Step 6
Enter a VLAN Pool Start number.
Step 7
Enter a VLAN Pool Size number.
Step 8
If the correct access domain is not showing in the Access Domain field, click Select to the right of
Access Domain field.
The Access Domain for New VLAN Pool dialog box appears.
If the correct access domain is showing, continue with Step 9.
Step 9
a.
Choose an Access Domain Name by clicking the button in the Select column to the left of that
Access Domain.
b.
Click Select. The updated Create VLAN Pool window appears.
Click Save.
The updated VLAN Resource Pools window appears.
Note
The pool name is created automatically, using a combination of the provider name and the access domain
name.
Note
The Status field reads “Allocated” if you already filled in the Reserved VLANs information when you
created the access domain. If you did not fill in the Reserved VLANs information when you created the
access domain, the Status field reads “Available.” To allocate a VLAN pool, you must fill in the
corresponding VLAN information by editing the access domain. (See Creating Access Domains,
page 2-4.) The VLAN pool status automatically sets to “Allocated” on the Resource Pools window when
you save your work.
Step 10
Repeat this procedure for each range you want to define within the VLAN.
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Creating a VC ID Pool
Creating a VC ID Pool
VC ID pools are defined with a starting value and a size of the VC ID pool. A given VC ID pool is not
attached to any inventory object (a provider or customer). During deployment of an L2VPN or VPLS
service, the VC ID can be autoallocated from the same VC ID pool or you can set it manually.
Note
When you are setting a manual VC ID on an ISC service, ISC warns you if the VC ID is outside the valid
range of the defined VC ID pool. If so, ISC does not include the manually defined VC ID in the VC ID
pool. We recommend that you preset the range of the VC ID pool to include the range of any VC IDs
that you manually assign.
Create one VC ID pool per network.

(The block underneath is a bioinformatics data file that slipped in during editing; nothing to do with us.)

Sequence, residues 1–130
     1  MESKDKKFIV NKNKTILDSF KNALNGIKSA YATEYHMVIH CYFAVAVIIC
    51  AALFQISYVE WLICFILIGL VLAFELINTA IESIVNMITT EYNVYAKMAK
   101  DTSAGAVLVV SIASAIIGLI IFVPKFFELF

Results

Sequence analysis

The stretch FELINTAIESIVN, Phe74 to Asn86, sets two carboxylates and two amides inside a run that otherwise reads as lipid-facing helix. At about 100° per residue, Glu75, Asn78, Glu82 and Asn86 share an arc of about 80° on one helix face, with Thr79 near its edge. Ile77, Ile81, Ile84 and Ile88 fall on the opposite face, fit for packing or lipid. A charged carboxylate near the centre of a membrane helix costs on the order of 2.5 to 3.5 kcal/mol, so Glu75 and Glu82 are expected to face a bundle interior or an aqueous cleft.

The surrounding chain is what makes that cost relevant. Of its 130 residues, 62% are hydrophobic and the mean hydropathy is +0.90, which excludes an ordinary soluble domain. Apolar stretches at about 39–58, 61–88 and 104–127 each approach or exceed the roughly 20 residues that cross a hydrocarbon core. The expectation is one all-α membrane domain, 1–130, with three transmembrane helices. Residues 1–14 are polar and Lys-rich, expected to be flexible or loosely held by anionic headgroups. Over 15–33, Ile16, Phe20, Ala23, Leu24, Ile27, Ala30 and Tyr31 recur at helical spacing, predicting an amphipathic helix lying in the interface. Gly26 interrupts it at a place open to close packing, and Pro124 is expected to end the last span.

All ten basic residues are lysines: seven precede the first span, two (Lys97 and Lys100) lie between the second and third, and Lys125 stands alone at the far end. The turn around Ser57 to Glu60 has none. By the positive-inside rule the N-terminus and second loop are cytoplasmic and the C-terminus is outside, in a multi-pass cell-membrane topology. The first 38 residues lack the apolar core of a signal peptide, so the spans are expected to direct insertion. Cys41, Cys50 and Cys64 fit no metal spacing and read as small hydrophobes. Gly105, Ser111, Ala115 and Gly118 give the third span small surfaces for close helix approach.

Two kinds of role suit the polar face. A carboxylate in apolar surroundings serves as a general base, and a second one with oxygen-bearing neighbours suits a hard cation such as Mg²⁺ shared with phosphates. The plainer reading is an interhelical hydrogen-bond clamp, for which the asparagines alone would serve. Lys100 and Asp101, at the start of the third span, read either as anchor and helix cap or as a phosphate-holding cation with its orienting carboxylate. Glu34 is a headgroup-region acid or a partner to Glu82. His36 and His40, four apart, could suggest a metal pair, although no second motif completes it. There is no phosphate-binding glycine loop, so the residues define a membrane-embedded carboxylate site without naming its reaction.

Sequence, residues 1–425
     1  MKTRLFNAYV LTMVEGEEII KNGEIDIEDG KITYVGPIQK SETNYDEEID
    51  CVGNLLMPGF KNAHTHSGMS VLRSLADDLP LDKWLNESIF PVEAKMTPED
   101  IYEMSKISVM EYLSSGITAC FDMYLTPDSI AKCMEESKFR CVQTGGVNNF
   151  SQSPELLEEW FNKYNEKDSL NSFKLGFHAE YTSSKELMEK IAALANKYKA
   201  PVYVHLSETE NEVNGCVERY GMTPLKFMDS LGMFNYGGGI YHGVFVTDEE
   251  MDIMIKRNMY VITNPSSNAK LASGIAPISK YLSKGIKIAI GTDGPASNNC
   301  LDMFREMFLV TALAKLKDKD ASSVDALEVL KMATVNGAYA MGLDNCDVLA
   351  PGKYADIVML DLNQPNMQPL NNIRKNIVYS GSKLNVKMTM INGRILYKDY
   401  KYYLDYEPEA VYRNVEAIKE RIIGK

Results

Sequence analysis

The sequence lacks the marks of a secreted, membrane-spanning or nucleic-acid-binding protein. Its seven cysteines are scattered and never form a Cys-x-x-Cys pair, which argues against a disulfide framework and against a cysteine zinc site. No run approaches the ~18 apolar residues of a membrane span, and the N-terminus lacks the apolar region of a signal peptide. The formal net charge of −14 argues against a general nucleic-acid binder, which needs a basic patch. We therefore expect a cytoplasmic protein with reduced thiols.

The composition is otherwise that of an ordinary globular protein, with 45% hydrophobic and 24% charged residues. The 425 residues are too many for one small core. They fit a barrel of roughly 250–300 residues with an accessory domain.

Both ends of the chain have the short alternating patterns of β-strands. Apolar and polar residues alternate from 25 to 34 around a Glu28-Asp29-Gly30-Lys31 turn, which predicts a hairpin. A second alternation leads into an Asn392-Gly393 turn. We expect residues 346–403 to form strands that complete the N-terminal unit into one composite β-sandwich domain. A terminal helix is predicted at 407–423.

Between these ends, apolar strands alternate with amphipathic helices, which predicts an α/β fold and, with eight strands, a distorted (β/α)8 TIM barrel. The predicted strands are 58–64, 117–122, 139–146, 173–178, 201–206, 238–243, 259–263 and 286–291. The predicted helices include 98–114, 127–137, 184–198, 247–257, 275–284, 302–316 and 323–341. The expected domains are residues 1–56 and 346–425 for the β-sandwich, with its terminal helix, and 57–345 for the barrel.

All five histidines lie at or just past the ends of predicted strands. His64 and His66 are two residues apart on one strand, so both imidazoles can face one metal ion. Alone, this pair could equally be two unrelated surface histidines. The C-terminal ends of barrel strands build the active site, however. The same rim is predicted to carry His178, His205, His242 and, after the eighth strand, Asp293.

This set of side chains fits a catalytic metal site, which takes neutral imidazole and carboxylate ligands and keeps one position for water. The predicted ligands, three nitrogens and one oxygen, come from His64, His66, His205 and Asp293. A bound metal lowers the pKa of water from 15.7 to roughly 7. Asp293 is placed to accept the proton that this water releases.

In a VPLS instance, all N-PE routers use the same VC ID for establishing emulated Virtual Circuits
(VCs). The VC-ID is also called the VPN ID in the context of the VPLS VPN. (Multiple attachment
circuits must be joined by the provider core in a VPLS instance. The provider core must simulate a
virtual bridge that connects the multiple attachment circuits. To simulate this virtual bridge, all N-PE
routers participating in a VPLS instance form emulated VCs among them.)
Note
VC ID is a 32-bit unique identifier that identifies a circuit/port.
Before you begin, be sure that you have the following information for each VC ID pool you must create:
•
The VC Pool start number
•
The VC Pool size
Perform the following steps for all L2VPN and VPLS services.
Step 1
Choose Service Inventory.
Step 2
Choose Inventory and Connection Manager.
Choose Resource Pools.
The Resource Pools window appears.
Step 3
Choose VC ID from the drop-down Pool Type list.
Because this pool is a global pool, it is not associated with any other object.
Step 4
Click Create.
The Create VC ID Pool window appears.
Step 5
Enter a VC pool start number.
Step 6
Enter a VC pool size number.
Step 7
Click Save.
The updated VC ID Resource Pools window appears.
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Creating Named Physical Circuits
Creating Named Physical Circuits
Before creating an L2VPN or VPLS service request, you must predefine the physical links between CEs
and PEs. The Named Physical Circuit (NPC) represents a link going through a group of physical ports.
Thus, more than one logical link can be provisioned on the same NPC; therefore, the NPC is defined
once but used during several L2VPN or VPLS service request creations.
There are two ways to create the NPC links:
•
Through an NPC GUI editor. For details on how to do this, see Creating NPCs Through an NPC GUI
Editor, page 2-8.
•
Through the autodiscovery process. For details on how to do this, see Creating NPC Links Through
the Autodiscovery Process, page 2-10.
An NPC definition must observe the following creation rules:
•
An NPC must begin with a CE or an up-link of the device where UNI resides or a Ring.
•
An NPC must end with an N-PE or a ring that ends in an N-PE.
If you are inserting NPC information for a link between a CE and UNI, you enter the information as:
•
Source Device is the CE device.
•
Source Interface is the CE port connecting to UNI.
•
Destination Device is the UNI box.
•
Destination interface is the UNI port.
If you are inserting NPC information for a CE not present case, you enter the information as:
•
Source Device is the UNI box.
•
Source Interface is the UP-LINK port, not the UNI port, on the UNI box connecting to the N-PE or
another U-PE or PE-AGG.
•